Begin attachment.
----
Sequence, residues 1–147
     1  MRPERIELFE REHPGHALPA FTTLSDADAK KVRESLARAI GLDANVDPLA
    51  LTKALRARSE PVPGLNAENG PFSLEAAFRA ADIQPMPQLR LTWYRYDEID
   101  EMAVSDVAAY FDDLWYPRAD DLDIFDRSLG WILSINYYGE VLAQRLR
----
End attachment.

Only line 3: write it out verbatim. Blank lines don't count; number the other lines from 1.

    51  LTKALRARSE PVPGLNAENG PFSLEAAFRA ADIQPMPQLR LTWYRYDEID